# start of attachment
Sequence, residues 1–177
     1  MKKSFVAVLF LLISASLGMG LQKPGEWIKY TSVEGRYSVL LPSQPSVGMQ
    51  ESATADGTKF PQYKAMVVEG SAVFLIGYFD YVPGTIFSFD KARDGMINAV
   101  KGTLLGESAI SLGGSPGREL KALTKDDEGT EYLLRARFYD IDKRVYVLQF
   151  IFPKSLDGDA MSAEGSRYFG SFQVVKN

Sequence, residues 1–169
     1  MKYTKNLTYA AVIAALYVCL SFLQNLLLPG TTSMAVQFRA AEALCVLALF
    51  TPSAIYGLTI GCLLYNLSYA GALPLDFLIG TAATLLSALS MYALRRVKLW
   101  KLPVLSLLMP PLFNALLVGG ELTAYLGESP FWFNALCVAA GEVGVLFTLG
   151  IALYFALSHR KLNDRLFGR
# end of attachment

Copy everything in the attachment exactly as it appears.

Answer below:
Sequence, residues 1–177
     1  MKKSFVAVLF LLISASLGMG LQKPGEWIKY TSVEGRYSVL LPSQPSVGMQ
    51  ESATADGTKF PQYKAMVVEG SAVFLIGYFD YVPGTIFSFD KARDGMINAV
   101  KGTLLGESAI SLGGSPGREL KALTKDDEGT EYLLRARFYD IDKRVYVLQF
   151  IFPKSLDGDA MSAEGSRYFG SFQVVKN

Sequence, residues 1–169
     1  MKYTKNLTYA AVIAALYVCL SFLQNLLLPG TTSMAVQFRA AEALCVLALF
    51  TPSAIYGLTI GCLLYNLSYA GALPLDFLIG TAATLLSALS MYALRRVKLW
   101  KLPVLSLLMP PLFNALLVGG ELTAYLGESP FWFNALCVAA GEVGVLFTLG
   151  IALYFALSHR KLNDRLFGR